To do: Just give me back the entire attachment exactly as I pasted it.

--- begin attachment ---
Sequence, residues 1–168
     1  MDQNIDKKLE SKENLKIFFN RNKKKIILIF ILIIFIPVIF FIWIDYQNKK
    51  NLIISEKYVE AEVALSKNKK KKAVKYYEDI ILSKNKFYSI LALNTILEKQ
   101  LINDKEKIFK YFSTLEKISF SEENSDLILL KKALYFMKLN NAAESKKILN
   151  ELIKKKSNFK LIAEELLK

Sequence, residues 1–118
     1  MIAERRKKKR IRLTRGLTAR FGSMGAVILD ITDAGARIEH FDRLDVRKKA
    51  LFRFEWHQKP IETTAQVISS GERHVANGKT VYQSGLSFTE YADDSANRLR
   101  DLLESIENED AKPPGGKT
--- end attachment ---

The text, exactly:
Sequence, residues 1–168
     1  MDQNIDKKLE SKENLKIFFN RNKKKIILIF ILIIFIPVIF FIWIDYQNKK
    51  NLIISEKYVE AEVALSKNKK KKAVKYYEDI ILSKNKFYSI LALNTILEKQ
   101  LINDKEKIFK YFSTLEKISF SEENSDLILL KKALYFMKLN NAAESKKILN
   151  ELIKKKSNFK LIAEELLK

Sequence, residues 1–118
     1  MIAERRKKKR IRLTRGLTAR FGSMGAVILD ITDAGARIEH FDRLDVRKKA
    51  LFRFEWHQKP IETTAQVISS GERHVANGKT VYQSGLSFTE YADDSANRLR
   101  DLLESIENED AKPPGGKT